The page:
Schematic of the oscillating field of the IR laser beam and the XUV pulse train. It is possible to align the distance between the XUV attosecond pulses with the cycle period T of the electric field. The delay between the train and the IR field can now be varied with high precision. Charge oscillations on the surface following the IR pulse (such as surface plasmons) should now be visible by comparing images obtained at different delays (Δt).
(a) Schematic model of the experimental setup. The label BS denotes the beam splitter, FM the focusing mirror, RM the recombination mirror, and TM the toroidal mirror. (b) Energy structure of the XUV beam recorded with a magnetic-bottle TOF spectrometer. (c) Time structure of the XUV attosecond pulses in the central part of the train with a 200 nm Al filter. (d) 3 kV low magnification PEEM image of the electron emission spot from the XUV laser pulse at high intensity. (e) Profile measured across (d), as indicated by the broken (blue) line in (d).
(a) SEM image of part of the lithographic pattern. In total, nine square arrays of holes were fabricated in a square region of of the Au film. [The magnification in this image is so low that the hole arrays cannot be seen, instead see Fig. 3(c).] Each region is divided using wide lithographic lines, and at the center of each divided region there is an array of holes covering a area. The hole diameter and the separation is indicated using text numbers fabricated lithographically with 200 nm wide text lines—the arrow points to this text line. (b) Schematic of the lithographic sample. The Au film is connected to the sample holder to minimize charging effects. (c) SEM image of a small part of the hole array with 100 nm in hole diameter and 400 nm in hole separation. (d) PEEM image recorded with an extractor voltage of 14 kV using a standard Hg lamp for illumination. The image shows part of a structure similar to the one in Fig. 2(a). The inset shows the array of 100 nm holes as imaged by PEEM indicating that the PEEM can obtain a resolution of . The holes could only be clearly seen when the PEEM was run with an ion pump and no turbopumps on.
(a) PEEM image recorded with an extractor voltage of 14 kV using a standard Hg lamp for illumination. The image shows the same structure similar to the one in Fig. 2(a). (b) PEEM image recorded under the same conditions using XUV attosecond pulse trains with a max energy of 30 eV. Notice that in both cases the broad lines can be clearly observed, while also the text can be observed as indicated by the arrows. The structure obtained with the XUV beam is not as sharp as with the Hg lamp and we estimate that our resolution has dropped to .
(a) PEEM image of the lithographic structure using the XUV laser source at a different focus, where the central square containing the hole array can be seen and the marking lines appear black. (b) Profile averaged along the wide lithographic. The distance 20% from the bottom to 80% from the top of the troughs can be used as a different measure of resolution with a result of .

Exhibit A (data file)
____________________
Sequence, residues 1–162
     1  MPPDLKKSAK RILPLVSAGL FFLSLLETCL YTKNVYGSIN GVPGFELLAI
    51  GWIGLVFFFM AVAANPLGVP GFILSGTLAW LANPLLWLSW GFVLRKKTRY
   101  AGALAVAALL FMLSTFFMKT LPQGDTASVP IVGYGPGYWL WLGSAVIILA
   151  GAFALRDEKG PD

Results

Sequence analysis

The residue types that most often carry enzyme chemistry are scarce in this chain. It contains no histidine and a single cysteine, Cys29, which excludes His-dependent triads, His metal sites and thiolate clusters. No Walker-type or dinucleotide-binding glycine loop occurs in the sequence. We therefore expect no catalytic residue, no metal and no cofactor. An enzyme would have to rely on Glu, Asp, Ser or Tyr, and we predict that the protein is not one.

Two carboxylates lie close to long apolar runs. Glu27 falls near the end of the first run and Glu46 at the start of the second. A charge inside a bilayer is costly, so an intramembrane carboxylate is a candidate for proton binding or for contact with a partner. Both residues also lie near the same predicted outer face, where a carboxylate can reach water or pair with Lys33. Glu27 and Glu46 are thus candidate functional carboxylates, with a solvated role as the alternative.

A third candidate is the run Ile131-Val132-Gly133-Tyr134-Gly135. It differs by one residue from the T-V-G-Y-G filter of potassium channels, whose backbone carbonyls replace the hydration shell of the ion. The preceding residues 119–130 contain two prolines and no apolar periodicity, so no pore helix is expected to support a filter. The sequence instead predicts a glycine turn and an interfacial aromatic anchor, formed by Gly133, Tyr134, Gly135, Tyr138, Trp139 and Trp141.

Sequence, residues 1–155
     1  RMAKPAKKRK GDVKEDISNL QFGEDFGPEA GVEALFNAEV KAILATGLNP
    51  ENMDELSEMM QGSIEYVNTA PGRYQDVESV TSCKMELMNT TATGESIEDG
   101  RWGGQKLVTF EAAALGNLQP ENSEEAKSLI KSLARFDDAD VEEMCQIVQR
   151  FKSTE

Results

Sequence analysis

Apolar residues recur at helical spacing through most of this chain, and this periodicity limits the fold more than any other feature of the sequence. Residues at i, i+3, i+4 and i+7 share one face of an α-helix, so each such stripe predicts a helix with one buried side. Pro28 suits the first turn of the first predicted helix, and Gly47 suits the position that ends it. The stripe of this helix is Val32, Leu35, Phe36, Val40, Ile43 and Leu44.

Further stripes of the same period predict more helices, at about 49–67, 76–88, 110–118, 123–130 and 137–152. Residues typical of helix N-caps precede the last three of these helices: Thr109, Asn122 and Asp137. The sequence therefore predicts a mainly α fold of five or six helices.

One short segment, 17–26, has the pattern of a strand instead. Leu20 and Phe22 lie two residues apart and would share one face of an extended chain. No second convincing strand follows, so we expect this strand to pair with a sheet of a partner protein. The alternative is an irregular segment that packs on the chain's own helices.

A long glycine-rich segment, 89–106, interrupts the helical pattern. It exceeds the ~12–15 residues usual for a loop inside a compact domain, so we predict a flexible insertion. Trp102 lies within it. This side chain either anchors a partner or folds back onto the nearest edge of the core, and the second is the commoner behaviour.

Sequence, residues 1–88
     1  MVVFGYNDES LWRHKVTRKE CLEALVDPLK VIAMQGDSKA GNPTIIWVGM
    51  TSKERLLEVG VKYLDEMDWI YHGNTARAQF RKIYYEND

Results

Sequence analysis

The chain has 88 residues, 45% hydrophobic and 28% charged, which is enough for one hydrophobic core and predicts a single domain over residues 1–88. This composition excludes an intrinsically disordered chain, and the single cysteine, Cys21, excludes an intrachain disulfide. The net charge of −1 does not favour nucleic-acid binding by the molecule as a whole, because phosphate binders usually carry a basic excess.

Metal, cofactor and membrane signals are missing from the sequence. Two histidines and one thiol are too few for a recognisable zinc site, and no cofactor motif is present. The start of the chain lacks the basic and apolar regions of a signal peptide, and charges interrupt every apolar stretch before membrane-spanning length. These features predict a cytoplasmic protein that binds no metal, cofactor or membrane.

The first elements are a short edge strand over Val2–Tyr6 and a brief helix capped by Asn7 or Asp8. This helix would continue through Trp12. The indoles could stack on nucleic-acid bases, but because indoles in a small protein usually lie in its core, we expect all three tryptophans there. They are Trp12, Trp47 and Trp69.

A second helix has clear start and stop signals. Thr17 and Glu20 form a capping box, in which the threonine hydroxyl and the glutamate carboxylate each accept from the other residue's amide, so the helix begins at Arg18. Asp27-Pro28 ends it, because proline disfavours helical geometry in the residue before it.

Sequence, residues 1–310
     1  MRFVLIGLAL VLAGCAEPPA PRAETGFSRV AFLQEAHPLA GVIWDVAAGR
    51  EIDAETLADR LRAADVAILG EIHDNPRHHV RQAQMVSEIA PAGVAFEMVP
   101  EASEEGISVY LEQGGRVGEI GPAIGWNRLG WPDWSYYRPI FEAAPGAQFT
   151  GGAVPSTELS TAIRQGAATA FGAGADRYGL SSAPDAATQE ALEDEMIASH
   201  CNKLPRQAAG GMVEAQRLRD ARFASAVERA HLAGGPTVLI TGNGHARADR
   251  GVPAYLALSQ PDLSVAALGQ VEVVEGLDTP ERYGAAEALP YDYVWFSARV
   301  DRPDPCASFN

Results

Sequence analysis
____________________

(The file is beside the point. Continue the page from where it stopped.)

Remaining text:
(a) PEEM image (extraction voltage of 14 kV) of Au aerosol nanoparticles of 50 nm in diameter recorded with the standard Hg lamp as photon source. (b) PEEM image (extraction voltage of 14 kV) of the same area with Au aerosol nanoparticles of 50 nm in diameter as in Fig. 4(b), recorded with a 35 fs IR pulse with a photon energy of 1.55 eV. Some points can be observed presumably corresponding to two or more Au particles with interparticle distances leading to plasmon resonances for this IR wavelength (Ref. 36), thus allowing considerable multiphoton electron emission.
(a) PEEM image of nanowires dispersed on a Si surface recorded using monochromatized 34 eV photons from the MAX-II synchrotron with an Elmitec SPELEEM system. An energy filter of 0.7 eV was used. One nanowire is indicated by the light gray (blue) arrow, while two larger features are indicated by the dark gray (red) arrow. (b) PEEM image of the same area as in (a). The energy filter was removed and only the background structure of the PEEM micro channel plate and a few large features can be observed [at the (red) arrow]. (c) PEEM image of the same area as in (a). A small contrast aperture was inserted and again small features can be observed.
(a) PEEM image (12 kV) of lithographic structure recorded using the XUV beam. (b) PEEM image (12 kV) of the same structure and area using the 1.55 eV IR laser beam. (c) PEEM image (12 kV) of the same structure and area using the 1.55 eV IR laser beam and the XUV beam with no time delay between the two beams. (d) PEEM image (12 kV) of the same structure and area using the 1.55 eV IR laser beam and the XUV beam with a time delay of 10 ps between the two beams.
Simplified illustration of the mechanism behind the interaction of the electrons created by the IR and the XUV pulses, respectively (Refs. 37 and 38). The first stage of the PEEM lens system consists of the sample as cathode and the first lens of the PEEM as anode. (a) If only one electron excitation source (indicated by the arrows) is used, the electron paths [indicated by solid (blue) lines] will pass into the microscope being bend by the first lens, thus effectively creating a focus point behind the sample (Refs. 37 and 38). The focus point of the PEEM behind the sample is indicated by the crossing of the broken black lines. (b) If two consecutive excitation pulses follows rapidly after each other (indicated by the arrows). The electric field from the charges excited from the first pulse will act to bend the trajectories of the electrons excited by the second pulse. This also effectively moves the focus point. For some special cases it will be possible to move the focus point back by then changing the focus of the PEEM.
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